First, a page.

Since VFX is considered to be post-production, I have been told that VFX workers can join the Animation Guild or the Editors Guild.  I've met only one VFX artist who belonged to a union, but he was an editor’s assistant who happened to have enough skills to qualify for the job of doing VFX. He took the nonunion job on his hiatus under the condition that he would not receive a title credit for having worked on a nonunion film because he feared getting kick out of his union. This is a major reason why most artists I have spoken to would never consider joining a union because union members can’t work on nonunion jobs which is the bulk of the work that is out there.

'John Carter'
Walt Disney 'John Carter'

I don’t claim to be an expert on economics, business, or even the film industry but I honestly feel that the large studios such as Disney, Fox, Universal, and Paramount should take the initiative to invest in the American people and establish their own in-house VFX studio (preferably unionized) instead of outsourcing the bulk of the work to overseas to maintain quality control.

Parts of the outsourced work we receive have to be redone anyway at the very last minute by artists like myself. Much of the time we are working overtime to meet a fast, approaching deadline that the studios have already predetermined even before the movie has been shot. This is the stage where costs are inflated and rush fees are incurred. In the end, the studio loses money and the problem with film is that because we are in the business of selling art, there is no guarantee that a big-budget, VFX-driven film will make their money back. Look at what happened with "John Carter." $250 million down the drain.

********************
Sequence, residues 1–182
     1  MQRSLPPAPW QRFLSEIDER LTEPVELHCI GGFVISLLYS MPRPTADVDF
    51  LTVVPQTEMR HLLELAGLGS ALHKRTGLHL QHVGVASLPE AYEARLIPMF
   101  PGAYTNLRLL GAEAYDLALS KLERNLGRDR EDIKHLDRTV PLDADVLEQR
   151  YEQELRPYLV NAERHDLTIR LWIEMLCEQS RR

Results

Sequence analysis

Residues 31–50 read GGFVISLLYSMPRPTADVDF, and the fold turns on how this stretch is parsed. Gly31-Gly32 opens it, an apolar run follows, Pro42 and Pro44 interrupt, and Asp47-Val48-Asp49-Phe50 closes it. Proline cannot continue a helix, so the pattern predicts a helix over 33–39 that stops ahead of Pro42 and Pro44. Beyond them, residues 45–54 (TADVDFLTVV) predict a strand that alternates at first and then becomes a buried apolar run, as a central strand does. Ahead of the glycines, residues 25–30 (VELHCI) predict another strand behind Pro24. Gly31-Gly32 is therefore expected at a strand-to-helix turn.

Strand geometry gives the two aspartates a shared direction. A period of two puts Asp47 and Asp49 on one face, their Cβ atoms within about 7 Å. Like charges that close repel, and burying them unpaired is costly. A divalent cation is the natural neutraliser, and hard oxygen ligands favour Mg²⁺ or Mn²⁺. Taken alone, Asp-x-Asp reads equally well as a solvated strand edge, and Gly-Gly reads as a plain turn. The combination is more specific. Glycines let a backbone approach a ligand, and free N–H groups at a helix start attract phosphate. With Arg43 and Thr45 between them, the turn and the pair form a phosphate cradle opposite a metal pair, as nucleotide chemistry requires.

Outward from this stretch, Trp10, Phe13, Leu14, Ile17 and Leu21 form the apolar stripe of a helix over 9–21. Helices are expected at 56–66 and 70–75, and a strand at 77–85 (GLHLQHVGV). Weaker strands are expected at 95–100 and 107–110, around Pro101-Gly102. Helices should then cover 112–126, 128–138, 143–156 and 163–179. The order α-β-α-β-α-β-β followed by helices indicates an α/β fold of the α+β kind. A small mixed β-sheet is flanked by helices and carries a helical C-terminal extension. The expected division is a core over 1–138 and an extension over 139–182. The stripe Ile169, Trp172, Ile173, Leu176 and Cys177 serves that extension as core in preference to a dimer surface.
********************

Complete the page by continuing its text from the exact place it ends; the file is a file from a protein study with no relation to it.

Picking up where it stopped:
With all this being said, I must give credit where credit is due. I have never felt treated more like a human being and valued as an employee while working as an in-house lead compositor at Disney. I’m not saying this because I’m trying to butter them up to save myself from being placed on their blacklist. I’m saying this because it’s the truth. My experience working at Disney has restored my faith in the filmmaking process and reminded me of why I have chosen to dedicate my life to the art of visual storytelling.

Visual effects are often associated with big-budget blockbuster movies like "The Avengers," "The Hobbit," and "Life of Pi" where the effects are placed center staged to be "oohed" and "aahed" over by the viewer. People rarely think about the other side of the industry, whose sole purpose is to erase what should not be seen. Some of us spend our time removing objects, concealing beauty flaws, and replacing environments with ones that never existed. This is what is known in the industry as invisible effects, my personal specialty.

Perhaps the reason I have a propensity for this particular line of work is because I prefer to remain unseen in my own personal life. This could explain why I have remained silent so long. Thanks to VFX Soldiers like Dave Rand, Scott Ross, and Scott Squires who have stepped up to raise concerns about the current state of our industry, I can no longer remain invisible.

I am a VFX Soldier and I will keep on soldiering on even when I am erased.l

Maggie Kraisamutr is a freelance VFX compositor and stop-motion animator based in Los Angeles, CA. She is currently unemployed and available for work. Get to know her at maggielovesmusic.com.


This article is related to: Filmmaker Toolkit: Post-Production, Visual Effects